Umberto D and the end of Neorealism

Vittorio De Sica’s Umberto D is a film of great significance, not only in its cinematic quality but also in its historical context. Released in 1952 and considered by many to be De Sica’s most prestigious work to date, Umberto D is a celebration of every facet of Italian Neorealism, and is heralded by many critics as the pinnacle of the movement. One such critic was Andre Bazin, who stated that it was “the ultimate expression of Neorealism”, revising his previous claim for De Sica’s Bicycle Thieves (1948)(Grimshaw, 2009).

The sub-genre of Neorealism has a number of qualitative signifiers, both thematically and visually, including the use of non-professional actors, location-shooting and a thematic focus on the plight of the poor and working class. Born as an antagonistic response to the conservative, upper-class “white-telephone” films that were heavily promoted by the Fascist Italian government of the ‘30s and ‘40s, Neorealism resonated with the downtrodden masses, ultimately finding a place as one of the most significant cinematic movements of the 20th century.

De Sica’s neorealist trilogy, consisting of Shoeshine, Bicycle Thieves and Umberto D, provides an accurate lens into the socio-political environment that spawned these films. By studying the trilogy, it is possible to identify the metamorphosis of the Neorealist movement, simply by examining key elements within them. For example, the ending of each film is indicative of its historical context; Shoeshine ends with the disintegration of friendship between previously codependent characters, reflecting the crumbling post-war dichotomy between the upper and working classes. Bicycle Thieves is the logical progression of this sentiment, openly depicting the harsh, uncompromising circumstances that the working classes were subjected to. Concluding with a loss of innocence, Bicycle Thieves delivers a similar message as Shoeshine, if ultimately more damning.

Each film deals with the primary characters being forced to compromise their principles and ultimately being punished for doing so. The reveal of a secret, the stealing of a bicycle and the act of begging are all actions taken as a result of desperation, which in turn reflects the national sensation of loss after the irreversible effects of World War II.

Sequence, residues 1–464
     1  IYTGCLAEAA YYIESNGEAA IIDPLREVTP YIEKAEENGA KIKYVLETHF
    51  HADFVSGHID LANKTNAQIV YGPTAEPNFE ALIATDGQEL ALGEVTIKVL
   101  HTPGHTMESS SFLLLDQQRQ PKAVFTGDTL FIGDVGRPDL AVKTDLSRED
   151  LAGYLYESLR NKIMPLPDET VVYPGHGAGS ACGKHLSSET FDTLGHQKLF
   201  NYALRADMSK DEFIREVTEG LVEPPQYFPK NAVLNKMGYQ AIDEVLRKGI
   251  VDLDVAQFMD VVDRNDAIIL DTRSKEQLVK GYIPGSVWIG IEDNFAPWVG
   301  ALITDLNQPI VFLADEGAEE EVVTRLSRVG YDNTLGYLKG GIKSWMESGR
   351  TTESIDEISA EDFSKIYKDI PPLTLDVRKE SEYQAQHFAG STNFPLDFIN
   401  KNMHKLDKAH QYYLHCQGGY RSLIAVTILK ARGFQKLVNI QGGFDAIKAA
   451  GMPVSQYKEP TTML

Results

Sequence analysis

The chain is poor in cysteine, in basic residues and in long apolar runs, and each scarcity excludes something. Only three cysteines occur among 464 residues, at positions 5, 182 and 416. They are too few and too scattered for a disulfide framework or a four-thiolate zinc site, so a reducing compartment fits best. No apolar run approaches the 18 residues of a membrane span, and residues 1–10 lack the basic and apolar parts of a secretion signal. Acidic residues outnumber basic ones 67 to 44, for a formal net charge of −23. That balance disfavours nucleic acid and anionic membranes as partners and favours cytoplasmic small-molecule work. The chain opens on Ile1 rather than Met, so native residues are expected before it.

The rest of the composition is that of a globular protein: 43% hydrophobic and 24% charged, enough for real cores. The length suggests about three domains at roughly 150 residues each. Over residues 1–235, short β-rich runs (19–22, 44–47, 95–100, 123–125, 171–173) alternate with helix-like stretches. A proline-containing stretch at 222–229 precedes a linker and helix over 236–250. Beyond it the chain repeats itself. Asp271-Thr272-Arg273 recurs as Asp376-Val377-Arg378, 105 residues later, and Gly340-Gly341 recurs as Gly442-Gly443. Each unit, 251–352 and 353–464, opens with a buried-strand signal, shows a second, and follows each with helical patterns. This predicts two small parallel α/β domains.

One of the key elements that separates Umberto D from its contemporaries is its comparatively optimistic ending. As opposed to De Sica’s earlier forays into Neorealism, Umberto D ends with a distinct sense of nihilism. Umberto Ferrari, the aging protagonist, ends his tale by playing with his dog, following a failed suicide attempt which seemingly gives him a new lease on life. Under further scrutiny however, the ending reveals itself to be an self-referential analysis of Neorealism, as Millicent Marcus suggests:

Significantly, there is no child at the end of Umberto D to embody the hopes for a better future, there is only an old man whose refusal either to die or to prolong an unviable existence reflects the dilemma of neorealism itself toward the end of its first decade of life. (1986, p.117)

For many, Umberto D marked the end of the Neorealist era, as it reflected the contemporary position of the movement, whilst subtly illustrated its less than concrete future. This conclusion was not entirely unexpected however, as Anna Grimshaw (2009) notes in reference to Bazin:

“Bazin was among the first to acknowledge his doubt as to whether there was any future for neorealist cinema once the crisis of the war and occupation had passed.” (2009, p.17)

Neorealism’s role as anarchic contrast to the heavily regimented fascist industry was slowly diminishing, as without the context of wartime occupation, Neorealism lost its relatively apolitical position. This would eventually lead the movement becoming politically motivated, rather than morally, as Federico Fellini explains in an interview circa 1969: